“One of our adjunct faculty members died after collapsing in front of her class,” Ford’s Facebook post said. “A student in the class, who happened to be an EMT [Emergency Medical Technician], started and continued CPR until paramedics arrived a few minutes later. Counselors are talking with the students in the class. This is the first time any of us can remember having a faculty person die in front of a class in the Webster University School of Communications. Life is fleeting.”
Department Chair of Electronic and Photographic Media Aaron AuBuchon said Hirshfield was “extraordinarily well-liked” and came to Webster with great recommendations from colleagues at other institutions.
“I only met her early last year, but she was a very nice person, and the students really liked her,” AuBuchon said. “She had very broad knowledge of film, and she was apparently extraordinarily organized.”
Adjunct professor of film studies Pete Timmerman said he has only known Hirshfield for a little more than a year, but that he knew her by reputation for many years before that.
“Her name frequently came up amongst St. Louis film fans and critics as one of the real treasures amongst local cinephiles,” Timmerman said. “When I did eventually meet her we became fast friends, frequently fawning over whatever film the other showed in class that day comparing notes on current releases… I sometimes tell students that they shouldn’t trust film teachers who don’t ever see movies, and with that in mind consider that I ran into Renee at three different films in the past week alone.”
Timmerman said at the last of those three films, he was talking to a former student when Hirshfield walked in. Timmerman introduced the student to Hirshfield, and within a minute they were talking like they were old friends.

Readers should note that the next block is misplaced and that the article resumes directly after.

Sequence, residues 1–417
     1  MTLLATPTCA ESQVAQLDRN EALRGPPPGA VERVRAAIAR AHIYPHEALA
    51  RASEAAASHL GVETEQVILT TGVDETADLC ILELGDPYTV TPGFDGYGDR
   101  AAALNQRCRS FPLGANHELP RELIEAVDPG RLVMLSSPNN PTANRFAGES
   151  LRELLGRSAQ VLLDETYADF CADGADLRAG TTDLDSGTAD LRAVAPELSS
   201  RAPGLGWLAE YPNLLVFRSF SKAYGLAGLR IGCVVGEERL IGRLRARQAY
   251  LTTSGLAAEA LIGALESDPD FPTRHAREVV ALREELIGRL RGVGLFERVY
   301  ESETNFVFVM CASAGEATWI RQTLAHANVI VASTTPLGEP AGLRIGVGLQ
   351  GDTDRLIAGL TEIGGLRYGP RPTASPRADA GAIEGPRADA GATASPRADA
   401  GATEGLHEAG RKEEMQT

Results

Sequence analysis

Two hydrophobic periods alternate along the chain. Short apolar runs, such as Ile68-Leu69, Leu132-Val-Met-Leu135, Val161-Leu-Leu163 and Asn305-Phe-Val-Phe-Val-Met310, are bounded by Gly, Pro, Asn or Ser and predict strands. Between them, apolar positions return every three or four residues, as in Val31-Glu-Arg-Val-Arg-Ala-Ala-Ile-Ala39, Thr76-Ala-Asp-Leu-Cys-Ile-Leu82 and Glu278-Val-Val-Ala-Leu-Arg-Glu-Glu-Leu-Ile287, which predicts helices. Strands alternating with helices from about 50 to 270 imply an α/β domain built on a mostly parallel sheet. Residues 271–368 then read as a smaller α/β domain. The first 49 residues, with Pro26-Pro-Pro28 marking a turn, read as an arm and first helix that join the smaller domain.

“Clearly I have a lot I could have learned from her, and I’m deeply sorry that I only actually knew her for such a short period of time,” Timmerman said.
Adjunct professor of film studies and executive director of Cinema St. Louis (CSL) Cliff Froehlich said Hirshfield was a big supporter of CSL, sponsoring many films.
“I first encountered her during the French fest, and she was so clearly informed and enthusiastic that I asked about her background and was delighted to discover her love for and deep knowledge of cinema,” Froehlich said. “I subsequently asked her to introduce and discuss films for us at the French fest, and her perceptive commentary was an annual highlight of the past several years.”
Froehlich also said Hirshfield was scheduled to discuss a film this Friday. Instead, he will now pay tribute to her at that screening.
“I will miss her, and St. Louis is much poorer with her passing,” Froehlich said.
Carney said Hirshfield would often tell the class stories about people she knew in the film industry from decades ago.
“She was very intelligent and had many wonderful stories,” Carney said.
Counselors will meet with the entire class during their next session on Thursday, March 23. According to Webster Connections, there are 24 students in the class. According to the university statement, arrangements have been made for another instructor to finish out the semester with the students.
Counselors are available in the Counseling and Life Development office and can be reached at 314-968-7030 or by email at email@example.com.